Capitalizing on Fear in the Market
Even though the VIX is already at a five-year low, VIX futures seem to be predicting that it could go even lower, and trader Andy Waldock of Commodity & Derivative Advisors offers an idea for playing its inevitable rebound.
The S&P 500 is within spitting distance of the 2007 highs. Remember 2007 when the economy was rolling along and everyone used the equity from their first house to buy a second or, third? Home ownership became everyone’s entitlement—the American way. Five years of deleveraging later and we’ve figured out that corporations know how to manage their businesses better than the bureaucrats know how to run our economy. Corporate balance sheets are healthy and interest rates are at all-time lows. Unfortunately, the government can’t figure out spending for a quarter, let alone an entire fiscal year.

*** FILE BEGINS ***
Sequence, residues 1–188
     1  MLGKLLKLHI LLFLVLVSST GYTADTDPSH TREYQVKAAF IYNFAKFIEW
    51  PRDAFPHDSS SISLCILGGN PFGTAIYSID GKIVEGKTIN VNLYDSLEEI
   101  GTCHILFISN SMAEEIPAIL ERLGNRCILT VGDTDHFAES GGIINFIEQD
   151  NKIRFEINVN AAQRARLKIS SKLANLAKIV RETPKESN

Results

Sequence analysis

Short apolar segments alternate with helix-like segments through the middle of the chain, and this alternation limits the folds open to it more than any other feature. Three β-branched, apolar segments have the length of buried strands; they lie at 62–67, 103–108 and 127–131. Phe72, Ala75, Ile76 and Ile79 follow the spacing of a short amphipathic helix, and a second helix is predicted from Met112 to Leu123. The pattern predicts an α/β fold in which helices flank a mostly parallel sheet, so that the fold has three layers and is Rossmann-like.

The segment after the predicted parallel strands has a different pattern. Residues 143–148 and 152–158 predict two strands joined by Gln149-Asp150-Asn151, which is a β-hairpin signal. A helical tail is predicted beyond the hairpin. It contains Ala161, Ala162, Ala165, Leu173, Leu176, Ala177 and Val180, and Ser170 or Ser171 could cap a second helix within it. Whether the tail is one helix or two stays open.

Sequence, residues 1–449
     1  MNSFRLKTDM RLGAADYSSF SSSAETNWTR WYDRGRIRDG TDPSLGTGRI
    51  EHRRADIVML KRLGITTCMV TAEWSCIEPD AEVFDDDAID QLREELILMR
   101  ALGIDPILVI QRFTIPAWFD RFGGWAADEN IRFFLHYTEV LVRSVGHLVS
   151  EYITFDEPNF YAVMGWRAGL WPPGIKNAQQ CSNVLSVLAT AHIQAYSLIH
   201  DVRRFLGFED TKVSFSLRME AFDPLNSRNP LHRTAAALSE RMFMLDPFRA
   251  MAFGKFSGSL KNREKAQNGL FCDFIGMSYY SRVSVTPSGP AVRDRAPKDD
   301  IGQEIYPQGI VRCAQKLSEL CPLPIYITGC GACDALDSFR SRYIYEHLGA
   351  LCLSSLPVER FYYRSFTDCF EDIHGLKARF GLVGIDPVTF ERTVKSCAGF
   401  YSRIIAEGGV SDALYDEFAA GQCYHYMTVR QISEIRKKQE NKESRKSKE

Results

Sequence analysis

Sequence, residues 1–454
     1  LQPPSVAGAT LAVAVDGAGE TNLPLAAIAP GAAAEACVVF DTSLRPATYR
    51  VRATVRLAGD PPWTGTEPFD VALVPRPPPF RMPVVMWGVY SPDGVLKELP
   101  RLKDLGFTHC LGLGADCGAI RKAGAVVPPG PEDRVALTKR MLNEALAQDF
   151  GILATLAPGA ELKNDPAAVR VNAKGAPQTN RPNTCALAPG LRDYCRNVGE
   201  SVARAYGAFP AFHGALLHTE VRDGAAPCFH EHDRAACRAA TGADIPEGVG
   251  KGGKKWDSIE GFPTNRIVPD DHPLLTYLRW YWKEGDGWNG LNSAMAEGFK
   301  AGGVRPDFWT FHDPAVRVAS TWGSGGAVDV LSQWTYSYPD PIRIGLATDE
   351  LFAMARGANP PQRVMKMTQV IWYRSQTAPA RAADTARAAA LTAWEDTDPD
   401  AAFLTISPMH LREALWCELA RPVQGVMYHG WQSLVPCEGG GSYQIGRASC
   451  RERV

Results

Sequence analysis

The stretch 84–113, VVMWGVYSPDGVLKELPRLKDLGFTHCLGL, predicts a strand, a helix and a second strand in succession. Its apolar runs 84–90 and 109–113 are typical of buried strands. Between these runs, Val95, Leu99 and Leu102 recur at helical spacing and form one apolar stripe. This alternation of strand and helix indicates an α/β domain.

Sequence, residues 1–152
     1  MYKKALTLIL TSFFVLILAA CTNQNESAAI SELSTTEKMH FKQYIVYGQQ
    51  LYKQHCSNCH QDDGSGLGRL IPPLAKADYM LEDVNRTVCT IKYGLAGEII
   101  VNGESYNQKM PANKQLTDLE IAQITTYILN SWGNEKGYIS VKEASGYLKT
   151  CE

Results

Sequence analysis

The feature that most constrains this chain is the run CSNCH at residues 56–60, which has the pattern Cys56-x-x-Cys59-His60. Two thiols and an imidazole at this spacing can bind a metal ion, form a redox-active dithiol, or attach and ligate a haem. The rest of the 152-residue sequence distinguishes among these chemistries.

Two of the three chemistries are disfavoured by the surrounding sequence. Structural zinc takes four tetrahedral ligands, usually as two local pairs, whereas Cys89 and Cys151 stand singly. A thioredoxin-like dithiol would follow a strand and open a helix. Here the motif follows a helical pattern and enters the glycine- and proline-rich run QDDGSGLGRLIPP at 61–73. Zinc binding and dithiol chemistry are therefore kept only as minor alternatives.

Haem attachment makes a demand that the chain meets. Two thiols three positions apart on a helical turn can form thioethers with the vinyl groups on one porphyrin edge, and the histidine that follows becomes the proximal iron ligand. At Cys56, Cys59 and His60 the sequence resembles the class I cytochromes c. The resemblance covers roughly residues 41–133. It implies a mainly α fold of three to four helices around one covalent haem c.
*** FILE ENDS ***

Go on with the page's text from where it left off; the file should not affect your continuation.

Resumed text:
We have written extensively on the topic of using stock index futures to hedge your retirement account. Typically, the response is, “How can I sell something I don’t own?” This week we are going to discuss volatility index futures. This is a product offered by the Chicago Board Options Exchange and it trades opposite the stock market. Therefore, buying VIX futures provides protection from a downdraft in the stock market while simultaneously limiting the risk of the hedge position.
First, it’s important to understand that volatility in the stock market is primarily associated with fear. Stock market declines put fear into the market’s participants.